Shiny corrugated metal clads the two cascading stacks of apartments that make up this block in Paris by architect Stephane Maupin. The two symmetrical sides of the M Building slope down at 45-degree angles towards a small central courtyard. Some of the 20 apartments have gabled roofs, while some open onto balconies that face one another rather than the neighbouring school and adjacent cemetery.
Here’s some more information from the architects: The project takes place in the north Pierre Rebiere Street is a 600 meters long and 25 meters wide straight line. It is surrounded by the Batignoles’ cemetery on one side and by the back entrance of the international high school Honoré de Balzac on the other. The transformation of this narrow abandoned street allows the establishment of whole string of new buildings.
The local rules for urbanism and the scope statements associated to this neighborhood minimizes plastic expressions. As a result it is not allowed to open any views on the cemetery. Thus directly implying a blind front for the future building and making it impossible to have normal front to front flats. The project impressively manages to get around those constraints: each of the flat benefits from both multiple sights and light sources at any time of day and year.
Those solar templates sculpted internal slopes getting to the very heart of the construction. The 45° symmetrical slopes establish a triangular quadrant relieving the whole block from its compactness. As a result a central void appears where the dwellers can share a continually illuminated unique space. Hence as the light hits one side in the morning the opposite side will benefit from it in the afternoon.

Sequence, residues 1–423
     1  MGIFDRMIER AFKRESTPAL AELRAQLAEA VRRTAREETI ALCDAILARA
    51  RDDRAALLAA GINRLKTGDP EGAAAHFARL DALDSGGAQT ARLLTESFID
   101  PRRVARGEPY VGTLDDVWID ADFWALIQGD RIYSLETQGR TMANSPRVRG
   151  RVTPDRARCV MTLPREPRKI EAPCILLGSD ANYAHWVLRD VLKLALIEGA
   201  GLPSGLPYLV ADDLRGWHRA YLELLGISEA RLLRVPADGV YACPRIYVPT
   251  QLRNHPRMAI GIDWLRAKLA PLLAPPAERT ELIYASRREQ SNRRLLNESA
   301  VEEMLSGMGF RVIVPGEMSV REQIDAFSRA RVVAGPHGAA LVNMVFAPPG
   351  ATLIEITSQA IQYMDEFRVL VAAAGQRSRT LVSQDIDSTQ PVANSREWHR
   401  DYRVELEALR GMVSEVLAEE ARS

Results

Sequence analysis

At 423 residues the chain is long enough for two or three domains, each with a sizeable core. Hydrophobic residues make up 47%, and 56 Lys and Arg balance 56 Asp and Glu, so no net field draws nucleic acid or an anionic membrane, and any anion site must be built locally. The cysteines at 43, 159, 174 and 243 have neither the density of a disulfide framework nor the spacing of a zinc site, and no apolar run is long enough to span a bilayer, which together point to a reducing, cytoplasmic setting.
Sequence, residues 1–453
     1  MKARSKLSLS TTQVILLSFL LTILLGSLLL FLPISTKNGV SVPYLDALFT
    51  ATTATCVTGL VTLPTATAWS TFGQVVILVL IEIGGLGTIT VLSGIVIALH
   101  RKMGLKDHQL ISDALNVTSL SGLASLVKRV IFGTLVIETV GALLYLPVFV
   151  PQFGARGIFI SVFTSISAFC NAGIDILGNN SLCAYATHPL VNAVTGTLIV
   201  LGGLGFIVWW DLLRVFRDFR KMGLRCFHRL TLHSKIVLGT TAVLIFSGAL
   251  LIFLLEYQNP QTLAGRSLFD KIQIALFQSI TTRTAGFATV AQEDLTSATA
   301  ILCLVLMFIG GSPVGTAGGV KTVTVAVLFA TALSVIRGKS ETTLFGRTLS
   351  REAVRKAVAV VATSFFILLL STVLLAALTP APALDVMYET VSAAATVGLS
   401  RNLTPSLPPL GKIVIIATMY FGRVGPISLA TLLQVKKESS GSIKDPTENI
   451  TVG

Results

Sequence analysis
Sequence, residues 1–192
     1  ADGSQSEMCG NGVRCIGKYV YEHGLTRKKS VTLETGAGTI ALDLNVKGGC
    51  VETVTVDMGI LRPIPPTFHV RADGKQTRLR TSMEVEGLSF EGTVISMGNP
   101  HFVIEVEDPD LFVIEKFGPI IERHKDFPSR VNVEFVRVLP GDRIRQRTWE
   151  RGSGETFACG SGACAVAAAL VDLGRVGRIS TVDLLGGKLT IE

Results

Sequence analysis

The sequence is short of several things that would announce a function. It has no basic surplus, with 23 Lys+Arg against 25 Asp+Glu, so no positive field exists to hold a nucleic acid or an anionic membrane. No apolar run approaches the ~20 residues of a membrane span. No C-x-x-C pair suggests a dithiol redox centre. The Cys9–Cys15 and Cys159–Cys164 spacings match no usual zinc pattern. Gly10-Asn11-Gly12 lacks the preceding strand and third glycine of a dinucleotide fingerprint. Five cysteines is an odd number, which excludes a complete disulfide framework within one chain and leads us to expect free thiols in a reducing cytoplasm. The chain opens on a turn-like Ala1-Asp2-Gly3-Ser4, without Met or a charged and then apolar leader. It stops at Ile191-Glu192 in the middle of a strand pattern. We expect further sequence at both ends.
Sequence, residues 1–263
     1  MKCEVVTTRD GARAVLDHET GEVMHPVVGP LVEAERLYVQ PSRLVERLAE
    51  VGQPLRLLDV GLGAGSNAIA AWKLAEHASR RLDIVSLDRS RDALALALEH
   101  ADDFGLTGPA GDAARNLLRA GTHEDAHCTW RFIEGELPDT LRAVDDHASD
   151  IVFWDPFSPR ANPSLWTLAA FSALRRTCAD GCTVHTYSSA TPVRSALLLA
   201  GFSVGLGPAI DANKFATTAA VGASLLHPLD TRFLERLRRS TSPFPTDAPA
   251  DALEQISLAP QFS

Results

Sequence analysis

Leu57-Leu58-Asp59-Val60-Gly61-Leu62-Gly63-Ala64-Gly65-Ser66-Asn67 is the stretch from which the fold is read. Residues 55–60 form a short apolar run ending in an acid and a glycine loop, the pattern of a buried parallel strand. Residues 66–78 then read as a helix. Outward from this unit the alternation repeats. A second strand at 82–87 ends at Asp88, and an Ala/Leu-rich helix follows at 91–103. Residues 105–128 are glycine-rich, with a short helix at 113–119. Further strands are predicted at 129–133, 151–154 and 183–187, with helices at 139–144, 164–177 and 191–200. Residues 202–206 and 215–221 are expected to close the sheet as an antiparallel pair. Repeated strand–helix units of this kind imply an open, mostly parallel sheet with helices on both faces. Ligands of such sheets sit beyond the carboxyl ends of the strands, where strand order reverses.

The shape of this new space is favorable to the composition of an unusual landscape. It is made from a cascade of Parisian roofs with its respective proportions and rhythm, as well as its apparent disorder. The whole is included in a succession of terraces which represent genuine extra room for the flats. Those terraces are so wide and comfortable that they become like private suspended gardens. In modern Babylonia, the Parisian Barbie rediscovers the joys of barbecue in the open air.
By refusing the frontal facing towards the street, the building creates a residential intimacy. The residents can communicate freely and develop the relations they desire. The unique vis-à-vis brings the dwellers together. Each resident is within reach of the other and that, without any road to cross. The building works as an inside village, within the town but still open towards the others.
Materials contribute to the staging of this unique ship. The body of the building is treated as a white hull. The homogeneous coating on the street fronts creates a casual relation to the rest of the agglomeration. The inside is a metallic and shining sheathing. The flats are revealed in a play of light and reflect. The building even possesses a central space dedicated to sharing.
Once the hall crossed, a simple staircase brings to an inside square at the heart of the building. The setting here is sympathetic. We wander on a wooden deck. We are surrounded by flowers and trees. Our sight gets lost in the foliage of the great neighboring trees.
Client: Paris Habitat
Project: 20 housings
Location: Rue Rebière, Paris
Date: January 2012
Cost: 2 500 000 €
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